“Yes, but you’re right. So you’re a ghost and you saved my life twice, but you don’t know how you did it?”
“That sums it up,” Allen said.
“And you have no idea who you were in real life and what happened to you?” There was a long silence.
Shelly could almost feel the sadness emanating from the ghost. It suddenly made her feel kind of sorry for him again even if he was a pain in the ass. “Sometimes we’re better off not knowing ....”
“No! I have to know! I want to know why I’m here like this. If someone killed me…well, I just have to know…wouldn’t you?” He realized his anger was showing and knew he had to stop it before she became frightened, too frightened to help. “I think if I find out, I might be able to go?” He knew if he put it that way maybe she would want to help him?
Shelly sighed. She’d had dreams of being murdered, horrible nightmares. What must it feel like to be a ghost and know someone in your previous life murdered you? “It must be awful,” she murmured, “knowing someone…someone you might have known…killed you.”
“I didn’t know ghosts could feel things like being sad?”
“I didn’t until I met you,” Allen said. “I don’t understand this at all. I just know that you are the only one who might be able to help me.”
“How can I help?” Shelly asked, feeling an overwhelming sense of sadness and confusion.
“I don’t know.” He sighed. “May I stay with you? I don’t like being alone.”
“You can’t stay here,” Shelly said. “I promise I’ll come back to the park today. Wait for me there.”
“You told that Dodo you were meeting him,” Allen said. “You can’t be in two places at once. I can’t even do that, and I’m a ghost.”
Shelly sighed. “I almost forgot about him.”
“He’s not very memorable,” Allen said. “Kind of spooky looking.”
“You should talk? You’re the ghost! Dodd’s a nice guy,” Shelly said, feeling irritated with her ghost again. “How about this? I’ll meet you at the park at four. That will give me plenty of time to get back--”
“For your date with that Dodd?” He said the name with obvious distaste. Why should he feel so angry about some boy being interested in her? This is ridiculous, he scolded himself. I’m a ghost!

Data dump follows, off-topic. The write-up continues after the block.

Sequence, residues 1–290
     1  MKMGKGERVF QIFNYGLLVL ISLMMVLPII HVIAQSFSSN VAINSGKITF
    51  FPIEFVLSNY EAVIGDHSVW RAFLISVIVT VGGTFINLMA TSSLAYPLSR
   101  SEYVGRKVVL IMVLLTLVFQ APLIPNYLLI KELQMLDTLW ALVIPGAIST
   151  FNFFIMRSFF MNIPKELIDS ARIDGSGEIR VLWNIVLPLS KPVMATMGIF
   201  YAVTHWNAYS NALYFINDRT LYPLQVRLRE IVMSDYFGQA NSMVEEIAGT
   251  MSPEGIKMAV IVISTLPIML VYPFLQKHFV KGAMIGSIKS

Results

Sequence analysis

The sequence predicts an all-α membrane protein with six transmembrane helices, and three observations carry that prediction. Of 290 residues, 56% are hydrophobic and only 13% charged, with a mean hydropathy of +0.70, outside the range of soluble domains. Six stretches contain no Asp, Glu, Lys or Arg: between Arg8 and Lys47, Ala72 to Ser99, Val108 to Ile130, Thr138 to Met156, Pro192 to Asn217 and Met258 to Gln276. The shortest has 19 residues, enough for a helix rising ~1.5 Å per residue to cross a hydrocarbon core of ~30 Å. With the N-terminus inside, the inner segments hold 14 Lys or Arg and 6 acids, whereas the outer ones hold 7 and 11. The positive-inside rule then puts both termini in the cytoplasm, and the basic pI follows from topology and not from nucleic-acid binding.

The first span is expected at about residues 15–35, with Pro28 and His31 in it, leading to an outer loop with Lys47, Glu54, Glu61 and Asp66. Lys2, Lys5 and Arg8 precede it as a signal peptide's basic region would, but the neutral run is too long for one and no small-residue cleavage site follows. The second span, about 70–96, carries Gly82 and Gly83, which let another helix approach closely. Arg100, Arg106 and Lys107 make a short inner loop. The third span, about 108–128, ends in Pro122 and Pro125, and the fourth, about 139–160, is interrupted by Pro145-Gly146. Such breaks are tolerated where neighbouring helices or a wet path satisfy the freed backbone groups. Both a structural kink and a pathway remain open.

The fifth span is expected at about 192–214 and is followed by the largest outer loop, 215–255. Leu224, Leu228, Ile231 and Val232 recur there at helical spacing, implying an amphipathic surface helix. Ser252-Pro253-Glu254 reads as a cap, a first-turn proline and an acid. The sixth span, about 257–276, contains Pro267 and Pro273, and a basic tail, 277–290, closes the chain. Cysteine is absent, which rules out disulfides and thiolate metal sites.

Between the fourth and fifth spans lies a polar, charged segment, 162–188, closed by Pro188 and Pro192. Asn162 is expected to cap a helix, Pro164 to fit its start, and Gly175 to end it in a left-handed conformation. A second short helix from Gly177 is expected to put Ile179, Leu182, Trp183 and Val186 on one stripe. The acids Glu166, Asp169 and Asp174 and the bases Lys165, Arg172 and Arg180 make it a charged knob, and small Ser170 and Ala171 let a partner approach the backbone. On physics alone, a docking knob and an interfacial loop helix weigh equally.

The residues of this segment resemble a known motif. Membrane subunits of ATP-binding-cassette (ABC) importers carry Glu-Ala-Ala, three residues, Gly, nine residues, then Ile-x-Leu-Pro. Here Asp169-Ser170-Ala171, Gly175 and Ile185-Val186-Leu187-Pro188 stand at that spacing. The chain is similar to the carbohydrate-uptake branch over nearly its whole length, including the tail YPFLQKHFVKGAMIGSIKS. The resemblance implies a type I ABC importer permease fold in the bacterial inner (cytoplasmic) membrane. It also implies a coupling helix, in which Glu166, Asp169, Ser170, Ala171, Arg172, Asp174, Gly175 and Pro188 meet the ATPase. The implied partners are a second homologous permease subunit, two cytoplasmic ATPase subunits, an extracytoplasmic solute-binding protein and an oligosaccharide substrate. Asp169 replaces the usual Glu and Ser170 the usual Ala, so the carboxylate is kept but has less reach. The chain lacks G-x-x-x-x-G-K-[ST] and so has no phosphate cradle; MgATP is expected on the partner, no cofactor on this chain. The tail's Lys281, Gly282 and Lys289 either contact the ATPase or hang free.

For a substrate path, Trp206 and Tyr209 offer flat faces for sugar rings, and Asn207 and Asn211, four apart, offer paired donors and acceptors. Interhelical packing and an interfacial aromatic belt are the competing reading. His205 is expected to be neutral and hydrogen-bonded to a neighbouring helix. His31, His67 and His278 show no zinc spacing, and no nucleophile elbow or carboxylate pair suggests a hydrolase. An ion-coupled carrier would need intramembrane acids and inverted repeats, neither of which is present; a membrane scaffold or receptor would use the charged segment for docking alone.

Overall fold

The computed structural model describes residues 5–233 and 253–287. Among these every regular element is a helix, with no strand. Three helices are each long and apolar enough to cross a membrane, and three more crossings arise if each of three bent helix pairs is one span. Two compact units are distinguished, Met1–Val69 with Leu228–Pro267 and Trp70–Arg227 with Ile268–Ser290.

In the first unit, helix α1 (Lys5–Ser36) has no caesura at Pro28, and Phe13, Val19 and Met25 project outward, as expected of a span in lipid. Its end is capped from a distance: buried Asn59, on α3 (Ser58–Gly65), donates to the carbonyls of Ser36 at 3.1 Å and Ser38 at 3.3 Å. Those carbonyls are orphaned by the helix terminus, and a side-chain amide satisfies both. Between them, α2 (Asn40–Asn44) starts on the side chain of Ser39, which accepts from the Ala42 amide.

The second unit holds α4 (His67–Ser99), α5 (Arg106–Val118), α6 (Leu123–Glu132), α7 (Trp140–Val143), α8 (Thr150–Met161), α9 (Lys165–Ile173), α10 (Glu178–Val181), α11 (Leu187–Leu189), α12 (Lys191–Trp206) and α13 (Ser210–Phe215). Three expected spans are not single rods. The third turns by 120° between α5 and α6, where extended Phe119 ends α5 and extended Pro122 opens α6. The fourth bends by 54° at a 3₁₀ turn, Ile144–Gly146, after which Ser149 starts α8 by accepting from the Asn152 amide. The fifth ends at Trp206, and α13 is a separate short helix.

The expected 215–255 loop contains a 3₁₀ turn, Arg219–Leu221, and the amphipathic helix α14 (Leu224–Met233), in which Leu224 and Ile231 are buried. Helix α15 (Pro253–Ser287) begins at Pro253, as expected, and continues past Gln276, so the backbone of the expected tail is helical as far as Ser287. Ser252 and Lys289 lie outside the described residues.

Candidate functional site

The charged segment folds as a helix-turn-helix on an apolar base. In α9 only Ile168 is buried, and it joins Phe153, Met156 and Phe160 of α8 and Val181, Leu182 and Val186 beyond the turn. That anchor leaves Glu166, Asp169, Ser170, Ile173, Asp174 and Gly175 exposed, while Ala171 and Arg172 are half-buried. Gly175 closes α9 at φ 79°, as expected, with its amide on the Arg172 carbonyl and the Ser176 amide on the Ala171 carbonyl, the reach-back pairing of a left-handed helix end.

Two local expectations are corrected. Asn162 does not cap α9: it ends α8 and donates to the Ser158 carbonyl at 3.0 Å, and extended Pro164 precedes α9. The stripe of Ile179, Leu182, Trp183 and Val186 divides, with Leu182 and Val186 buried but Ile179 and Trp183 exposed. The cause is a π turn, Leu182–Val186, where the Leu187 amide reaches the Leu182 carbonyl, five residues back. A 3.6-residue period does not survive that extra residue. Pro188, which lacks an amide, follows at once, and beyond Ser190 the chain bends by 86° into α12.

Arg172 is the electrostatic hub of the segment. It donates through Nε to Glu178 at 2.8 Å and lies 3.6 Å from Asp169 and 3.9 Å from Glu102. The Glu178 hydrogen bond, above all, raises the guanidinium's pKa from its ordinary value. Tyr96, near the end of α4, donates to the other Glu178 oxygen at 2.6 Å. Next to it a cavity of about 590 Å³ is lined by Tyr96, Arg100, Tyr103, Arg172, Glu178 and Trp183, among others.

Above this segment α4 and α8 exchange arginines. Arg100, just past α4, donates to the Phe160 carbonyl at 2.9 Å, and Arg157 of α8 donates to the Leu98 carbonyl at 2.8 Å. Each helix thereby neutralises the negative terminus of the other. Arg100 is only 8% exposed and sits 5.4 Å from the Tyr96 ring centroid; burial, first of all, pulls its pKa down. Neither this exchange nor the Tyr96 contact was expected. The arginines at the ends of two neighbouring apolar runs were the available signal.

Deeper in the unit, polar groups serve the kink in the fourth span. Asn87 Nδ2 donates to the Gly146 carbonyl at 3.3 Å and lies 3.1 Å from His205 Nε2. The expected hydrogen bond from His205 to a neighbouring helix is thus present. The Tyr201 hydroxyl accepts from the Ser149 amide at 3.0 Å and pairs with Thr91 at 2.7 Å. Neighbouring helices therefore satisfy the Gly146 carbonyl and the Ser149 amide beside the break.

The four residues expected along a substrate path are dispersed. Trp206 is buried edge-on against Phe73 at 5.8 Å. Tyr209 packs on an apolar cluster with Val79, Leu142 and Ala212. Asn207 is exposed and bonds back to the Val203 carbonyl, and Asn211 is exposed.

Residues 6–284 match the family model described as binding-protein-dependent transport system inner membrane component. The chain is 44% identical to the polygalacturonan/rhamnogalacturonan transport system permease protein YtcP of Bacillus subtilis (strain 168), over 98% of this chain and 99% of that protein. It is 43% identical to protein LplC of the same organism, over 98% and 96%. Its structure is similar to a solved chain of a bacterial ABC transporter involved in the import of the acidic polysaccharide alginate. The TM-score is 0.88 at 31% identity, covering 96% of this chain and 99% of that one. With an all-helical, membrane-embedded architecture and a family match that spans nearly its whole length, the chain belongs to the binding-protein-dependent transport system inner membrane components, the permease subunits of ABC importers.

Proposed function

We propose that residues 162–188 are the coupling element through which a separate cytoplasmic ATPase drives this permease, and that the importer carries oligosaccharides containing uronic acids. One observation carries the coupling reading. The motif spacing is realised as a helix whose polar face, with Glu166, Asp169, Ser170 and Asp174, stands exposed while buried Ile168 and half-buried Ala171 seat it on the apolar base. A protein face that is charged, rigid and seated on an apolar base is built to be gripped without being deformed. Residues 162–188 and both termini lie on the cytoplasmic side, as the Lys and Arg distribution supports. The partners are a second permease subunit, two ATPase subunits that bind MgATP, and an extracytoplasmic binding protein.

“It’s not a date.” Shelly said, wondering why she felt she had to defend herself.
“That Dodo thinks it is. I could see it in his beady little blue eyes. Have you ever seen such weird looking eyes in your life?”
Shelly had found Dodd’s eyes interesting, kind of intense, sexy in the way he had been looking at her, obviously appraising her. But she wasn’t about to share those thoughts with a ghost. “He can think what he wants and so can you, but it is not a date. I just think he’s nice, and he asked me out for coffee to talk.” I’m lying to a ghost, Shelly thought, feeling warm at the thought of Dodd being with her tonight. She felt excited about the possibilities. It had been months since Jeff left. “It’s not a date.”
“That, Shelly, is called a date.”
Shelly sighed. “You sound like my father when I first dated.” She sighed again. Her father hadn’t sounded that interested in her for a long time. He had a new family of his own.
Allen replied. “I am anything but your father.” What the hell am I saying? I know, Shelly groaned. I know. “Are you still here?”
There was no answer. Shelly wondered if he was deliberately hiding somewhere in her room. How could she know for sure? She couldn’t see him, and he left no footprints, butt
imprints, or any sign of his being there. “I can’t get undressed if I don’t know if you’re here,” she said, clearly exasperated by his being invisible and being able to see her naked if he wanted to. “Come on, be fair. Tell me if you are here?”
When after several seconds there was no response, Shelly cautiously undid the top button of her shirt. She was emptying her jean pockets onto her countertop when she noticed a crumpled sheet of paper. She recognized it as the paper torn from her notepad on the door. She picked it up and was about to toss it into the plastic trash can under her fake maple veneer desk when it fell to the floor.
As it fell, it slowly unfolded until she could read it as it lay on her rug. It said, “Lasker”, but there was a large X drawn through it in red ink. “What is that,” Shelly said, reaching for the note for a closer look.
Just as her fingers were about to grab the yellow square of paper, it burst into flame.
She pulled her hand back. “What the hell do you want from me?” Shelly shouted, as the burning ashes danced in the air around her.